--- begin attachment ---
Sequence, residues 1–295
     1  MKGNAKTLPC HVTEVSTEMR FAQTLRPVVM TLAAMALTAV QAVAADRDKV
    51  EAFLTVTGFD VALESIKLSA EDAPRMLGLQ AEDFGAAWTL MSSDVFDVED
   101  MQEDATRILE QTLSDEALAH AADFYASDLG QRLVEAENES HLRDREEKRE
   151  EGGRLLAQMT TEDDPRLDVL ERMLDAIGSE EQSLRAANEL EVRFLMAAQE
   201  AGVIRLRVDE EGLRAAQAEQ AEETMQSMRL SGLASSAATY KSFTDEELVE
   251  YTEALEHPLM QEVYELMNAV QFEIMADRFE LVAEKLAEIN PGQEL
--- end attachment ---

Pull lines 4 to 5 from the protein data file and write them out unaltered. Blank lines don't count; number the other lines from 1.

   101  MQEDATRILE QTLSDEALAH AADFYASDLG QRLVEAENES HLRDREEKRE
   151  EGGRLLAQMT TEDDPRLDVL ERMLDAIGSE EQSLRAANEL EVRFLMAAQE